At first glance, Hanoi’s Old Quarter appears as a dirty, crowded and chaotic area. But if you take time and explore it more closely, you might find its charms hidden beneath the ugly appearance. From the sound of the street vendors, the fragrance of milky flowers to simple figurines made of glutinous rice powders, all these small things represent the eternal soul of Hanoi.

Tucked between the Hoan Kiem Lake, the Long Bien Bridge, a former city rampart and a citadel wall, Hanoi’s Old Quarter has a history that spans more than a thousand years. Started as a snake and alligator-infested swamp, it evolved into a crafts district in the 11th century when the Vietnamese reclaimed independence and King Ly Thai To built the Imperial Citadel of Thang Long (the old name of Hanoi). Soon, skilled craftsmen migrated to the city and artisan guilds were gradually formed by people originating from the same village and offering similar services.

Hoan Kiem Lake
Hoan Kiem Lake – The southern border of Hanoi’s Old Quarter

The craftsmen worked and lived together in a specific area, creating a cooperative system for merchandise. Finally, they gave the name of their crafts to the designated streets of the quarter, such that most streets acquired names beginning with hàng (Wares), for example, Hàng Da street (leather wares street) or Hàng Thiếc street (tin wares street). While several of these streets are still specialised in the trade that gave them their names, others have been replaced with another type of wares to meet the demand of modern-day customers. For instance, Hàng Buồm street (sail wares street) no longer sell sail equipment. Instead, it has become dominated by traditional cakes and candies.

Hanoi's Old Quarter
The chaotic streets of Hanoi’s Old Quarter. Everything spills out onto pavements.
Milky flowers
Milky flowers – A symbol of Hanoi’s autumn. Their sweet fragrance is mentioned in various poems and songs

While wandering around Hanoi’s Old Quarter, you will encounter at least one or two street vendors. Even though it isn’t a feature unique to Vietnam, street vending is still an essential part of the city life. No one has ever known what time or age they did appear. The only thing we know is that they serve as an informal yet extremely important agent in the local economy.

Strange as it may sound, street vendors do have stable trading relationships and frequent customers. Quality is, therefore, preserved to an acceptable extent and local people who shop for fresh grocery can enjoy the luxury of having products delivered to their door daily without any extra cost. Products vary as widely as needs call for, with vegetables, fruits, flowers and home-made dishes are the most common goods. Nevertheless, bargaining is virtually obligatory, especially if you are a tourist.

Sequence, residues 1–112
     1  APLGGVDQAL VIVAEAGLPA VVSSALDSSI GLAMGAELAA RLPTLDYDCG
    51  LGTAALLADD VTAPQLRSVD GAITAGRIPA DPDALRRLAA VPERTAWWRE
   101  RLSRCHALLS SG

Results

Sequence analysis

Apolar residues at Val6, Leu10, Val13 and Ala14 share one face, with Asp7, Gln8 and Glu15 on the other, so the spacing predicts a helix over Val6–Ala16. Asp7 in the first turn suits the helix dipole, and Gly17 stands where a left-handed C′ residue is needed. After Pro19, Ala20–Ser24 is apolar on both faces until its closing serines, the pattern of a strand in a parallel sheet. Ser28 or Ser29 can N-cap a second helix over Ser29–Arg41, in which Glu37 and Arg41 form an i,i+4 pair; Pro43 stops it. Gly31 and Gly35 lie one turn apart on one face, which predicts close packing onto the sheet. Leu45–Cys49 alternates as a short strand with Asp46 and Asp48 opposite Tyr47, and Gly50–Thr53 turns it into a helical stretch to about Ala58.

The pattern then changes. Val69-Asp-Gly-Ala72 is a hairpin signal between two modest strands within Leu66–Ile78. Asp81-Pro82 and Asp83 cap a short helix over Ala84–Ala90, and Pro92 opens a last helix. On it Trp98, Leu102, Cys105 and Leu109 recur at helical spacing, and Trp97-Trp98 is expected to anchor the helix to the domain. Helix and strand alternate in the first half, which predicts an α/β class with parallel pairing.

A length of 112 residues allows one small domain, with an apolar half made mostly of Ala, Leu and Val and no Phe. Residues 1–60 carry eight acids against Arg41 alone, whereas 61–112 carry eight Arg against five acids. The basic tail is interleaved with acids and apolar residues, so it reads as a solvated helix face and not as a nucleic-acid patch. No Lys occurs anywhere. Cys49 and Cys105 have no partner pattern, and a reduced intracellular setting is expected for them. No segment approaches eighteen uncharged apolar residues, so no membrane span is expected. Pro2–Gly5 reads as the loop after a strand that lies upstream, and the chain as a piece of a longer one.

As you continue exploring the Old Quarter, you might come across some tò he, one of the rare surviving traditional toys of Vietnam. Amid the bustling scene of the Old Quarter, it’s easy to miss these colourful toy figurines because only a handful of craftsmen can still produce them. Made of glutinous rice powders, tò he is edible and can be kneaded into any shape and form, ranging from flowers, animals to characters in folk stories or cartoon. It is considered a cultural ambassador of Vietnam because it represents the skill and imagination of the Vietnamese craftsmen.

Tò he
A future tò he maker

24 comments

  1. Are you back home? Reminds me of “old” Shanghai with its bustling street activity and people essentially living their lives out in the open. Is there a “new” Hanoi and is that what you will show us next??

    Liked by 1 person

    1. Yes, Hanoi was expanded in the last decade. Nearby villages such as Ha Tay, Ha Dong, etc. became parts of the “new” Hanoi. I didn’t intend writing about them, but thanks to you I might have a look at them 🙂 Let’s see if I can see anything special in these areas.
      Posts about my hometown, Ho Chi Minh City (commonly known as Saigon) will come this year. So stay tune! 😉

      Liked by 2 people

      1. Thank you, Sara! It will definitely be published in this year 😉 I already have the idea for that post, but some photos are still missing.

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  2. I have yet to make it to Hanoi, but I’ve heard and read great things about it. But this is the first time I learn about tò he. I had to google it up to see the different variations of the figurines, and oh my! They’re meant to be eaten? They’re just too pretty and cute — although the same can be said about those super cute Japanese bento meals.

    Liked by 1 person

    1. Yes, tò he are 100% edible but people usually don’t eat them for two reasons. First, as you said, they are too cute. Second, they don’t taste good 🙂 It’s just glutinous rice powders mixed with food dyes.

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    1. Hoi An is high on my list as well 🙂 I really want to see how much it has changed in the last decades. 15-16 years ago, the town was just a ruin. It was literally dead. Locals also left the town because there was nothing to do there. You only saw a few tourists and service was terrible. But now it is Vietnam’s top destination 🙂

      Liked by 1 person

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